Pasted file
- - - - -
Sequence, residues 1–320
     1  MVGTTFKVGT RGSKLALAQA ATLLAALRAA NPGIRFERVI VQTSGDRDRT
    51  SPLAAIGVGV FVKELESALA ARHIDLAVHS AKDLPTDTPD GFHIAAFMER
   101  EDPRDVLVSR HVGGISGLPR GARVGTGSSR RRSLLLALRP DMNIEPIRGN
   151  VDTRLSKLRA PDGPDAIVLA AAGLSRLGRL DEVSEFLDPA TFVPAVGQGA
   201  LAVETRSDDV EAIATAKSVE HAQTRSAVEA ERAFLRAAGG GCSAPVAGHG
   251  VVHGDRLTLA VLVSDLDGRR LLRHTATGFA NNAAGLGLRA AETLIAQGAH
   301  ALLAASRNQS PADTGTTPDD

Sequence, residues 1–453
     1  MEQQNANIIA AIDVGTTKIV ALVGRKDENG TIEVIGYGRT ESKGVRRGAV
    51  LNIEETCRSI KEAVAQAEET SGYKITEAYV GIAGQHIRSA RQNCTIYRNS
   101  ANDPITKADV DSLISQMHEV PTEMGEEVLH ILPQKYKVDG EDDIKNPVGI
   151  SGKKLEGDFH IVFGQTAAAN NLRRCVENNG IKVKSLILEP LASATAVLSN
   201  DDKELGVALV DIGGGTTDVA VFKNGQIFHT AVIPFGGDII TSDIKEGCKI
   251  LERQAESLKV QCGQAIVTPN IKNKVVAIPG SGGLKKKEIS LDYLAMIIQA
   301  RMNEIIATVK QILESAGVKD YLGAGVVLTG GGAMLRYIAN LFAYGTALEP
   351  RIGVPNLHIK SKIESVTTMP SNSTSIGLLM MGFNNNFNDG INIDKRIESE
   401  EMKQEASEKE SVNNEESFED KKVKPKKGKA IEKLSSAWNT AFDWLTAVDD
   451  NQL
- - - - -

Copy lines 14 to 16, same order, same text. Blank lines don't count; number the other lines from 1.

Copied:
   201  DDKELGVALV DIGGGTTDVA VFKNGQIFHT AVIPFGGDII TSDIKEGCKI
   251  LERQAESLKV QCGQAIVTPN IKNKVVAIPG SGGLKKKEIS LDYLAMIIQA
   301  RMNEIIATVK QILESAGVKD YLGAGVVLTG GGAMLRYIAN LFAYGTALEP